The rioter who took photos at Nancy Pelosi’s desk recently said he’s a white nationalist prepared for a violent death

A man who was pictured sitting at House Speaker Nancy Pelosi’s desk as rioters in support of President Donald Trump stormed the US Capitol building on Wednesday recently said he is a white nationalist who’s prepared for a violent death.

The man, who identified himself as Richard Barnett from Gravette, Arkansas, in a New York Times interview, had posted about white nationalism on a Facebook page he maintained under the pseudonym “George Reincarnated Patton” after the World War II general, according to the Washington Post.

“Now we have a term that fits me and many others and they try to turn it bad. I am white. There is no denying that. I am a nationalist. I put my nation first. So that makes me a white nationalist,” he said on Saturday, adding: “F—— A we are nationalists. You aren’t? Then get the f— out of our nation.”

In a separate post from December, Barnett said he “came into this world kicking and screaming, covered in someone else’s blood” and that he was “not afraid to go out the same way,” The Post reported.

Barnett’s Facebook has since been locked or removed, but Washington Post reporter Jon Swaine posted screenshots on Twitter:

Barnett, who goes by “Bigo,” spoke to New York Times reporter Matthew Rosenberg outside the Capitol after he had visited Pelosi’s desk.

The 60-year-old told Rosenberg that he had taken a personalized envelope that belonged to Pelosi, and had “left a quarter on her desk.”

“I didn’t steal it. I bled on it because they were macing me and I couldn’t f—ing see,” Barnett said, according to video posted to Twitter by Rosenberg. “So I figure, ‘Well, I’m in her office, I got blood in her office, I’ll put a quarter on her desk even though she ain’t f—ing worth it.'”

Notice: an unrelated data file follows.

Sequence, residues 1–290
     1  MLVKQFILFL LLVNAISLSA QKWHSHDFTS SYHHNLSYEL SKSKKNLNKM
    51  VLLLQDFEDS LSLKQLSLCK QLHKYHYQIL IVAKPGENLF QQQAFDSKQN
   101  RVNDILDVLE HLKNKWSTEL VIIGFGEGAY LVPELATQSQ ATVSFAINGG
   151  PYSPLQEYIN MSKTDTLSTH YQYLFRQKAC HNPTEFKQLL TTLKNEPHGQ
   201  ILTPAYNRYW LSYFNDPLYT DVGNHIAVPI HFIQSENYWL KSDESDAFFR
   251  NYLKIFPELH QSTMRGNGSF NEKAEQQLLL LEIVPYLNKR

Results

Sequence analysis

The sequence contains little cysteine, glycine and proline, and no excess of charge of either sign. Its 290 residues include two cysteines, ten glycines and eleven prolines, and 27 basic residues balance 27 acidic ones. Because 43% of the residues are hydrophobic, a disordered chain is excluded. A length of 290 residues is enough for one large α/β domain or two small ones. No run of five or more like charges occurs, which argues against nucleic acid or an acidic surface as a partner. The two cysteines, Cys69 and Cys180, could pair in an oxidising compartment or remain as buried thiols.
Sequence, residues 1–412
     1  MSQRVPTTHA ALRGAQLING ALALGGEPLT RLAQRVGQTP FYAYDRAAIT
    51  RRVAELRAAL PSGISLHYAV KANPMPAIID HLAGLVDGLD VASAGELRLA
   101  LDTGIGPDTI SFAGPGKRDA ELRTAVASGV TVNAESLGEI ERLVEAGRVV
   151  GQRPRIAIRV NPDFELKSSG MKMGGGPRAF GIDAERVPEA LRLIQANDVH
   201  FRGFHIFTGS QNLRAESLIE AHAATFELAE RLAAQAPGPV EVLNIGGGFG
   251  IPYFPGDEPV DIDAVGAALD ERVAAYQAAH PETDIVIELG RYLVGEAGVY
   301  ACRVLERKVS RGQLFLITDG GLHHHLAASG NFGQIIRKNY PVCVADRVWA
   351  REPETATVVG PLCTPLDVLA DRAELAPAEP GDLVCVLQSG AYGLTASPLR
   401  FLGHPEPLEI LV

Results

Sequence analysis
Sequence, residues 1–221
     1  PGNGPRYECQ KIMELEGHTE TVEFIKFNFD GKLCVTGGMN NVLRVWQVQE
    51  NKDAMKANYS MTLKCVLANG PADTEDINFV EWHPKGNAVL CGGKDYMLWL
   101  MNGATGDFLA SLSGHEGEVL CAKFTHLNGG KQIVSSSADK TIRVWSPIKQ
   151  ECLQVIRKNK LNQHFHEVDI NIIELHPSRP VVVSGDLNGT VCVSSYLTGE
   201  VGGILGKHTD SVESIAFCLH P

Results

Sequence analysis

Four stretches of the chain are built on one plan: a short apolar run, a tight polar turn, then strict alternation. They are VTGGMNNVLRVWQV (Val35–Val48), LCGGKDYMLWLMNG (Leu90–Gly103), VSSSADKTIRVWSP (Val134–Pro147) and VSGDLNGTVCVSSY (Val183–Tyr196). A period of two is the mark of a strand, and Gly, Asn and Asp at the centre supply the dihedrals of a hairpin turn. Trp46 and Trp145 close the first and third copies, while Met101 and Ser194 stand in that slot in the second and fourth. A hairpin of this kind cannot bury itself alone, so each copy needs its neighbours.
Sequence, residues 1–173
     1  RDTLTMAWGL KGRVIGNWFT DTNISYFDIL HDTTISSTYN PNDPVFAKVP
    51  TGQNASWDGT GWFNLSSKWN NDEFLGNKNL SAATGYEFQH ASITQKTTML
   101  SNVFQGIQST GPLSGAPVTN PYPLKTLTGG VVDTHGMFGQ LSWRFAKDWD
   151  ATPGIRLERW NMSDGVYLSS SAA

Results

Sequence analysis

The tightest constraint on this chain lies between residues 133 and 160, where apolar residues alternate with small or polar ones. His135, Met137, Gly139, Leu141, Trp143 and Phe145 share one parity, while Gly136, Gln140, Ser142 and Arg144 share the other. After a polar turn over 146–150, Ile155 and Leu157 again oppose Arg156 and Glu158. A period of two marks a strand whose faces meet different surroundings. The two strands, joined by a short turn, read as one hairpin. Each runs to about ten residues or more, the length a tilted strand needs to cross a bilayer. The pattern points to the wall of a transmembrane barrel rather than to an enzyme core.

He also said he wrote her a “nasty note” – photos show a note on Pelosi’s desk that said “WE WILL NOT BACK DOWN”.

Barnett was quickly recognized by publications in Arizona, including the Eagle-Observer, which reported that he raised more than $1,000 for a “Save our Children” anti-trafficking campaign that had been propagated by QAnon, a conspiracy organization that shares misinformation about child sex trafficking.

Barnett also previously attended a “Stop the Steal” rally in support of Trump in Arkansas in November, and told local news station KNWA that he believed voter fraud cost Trump the presidential election.

He told KNWA on Wednesday that he hadn’t been arrested at Wednesday’s riot, but was escorted out of the Capitol after being tear gassed.

He told the publication that he and his family had received multiple threats.

Law enforcement retook the Capitol Wednesday night, and Congress completed its certification of President-elect Joe Biden’s victory over Trump.

*story by Business Insider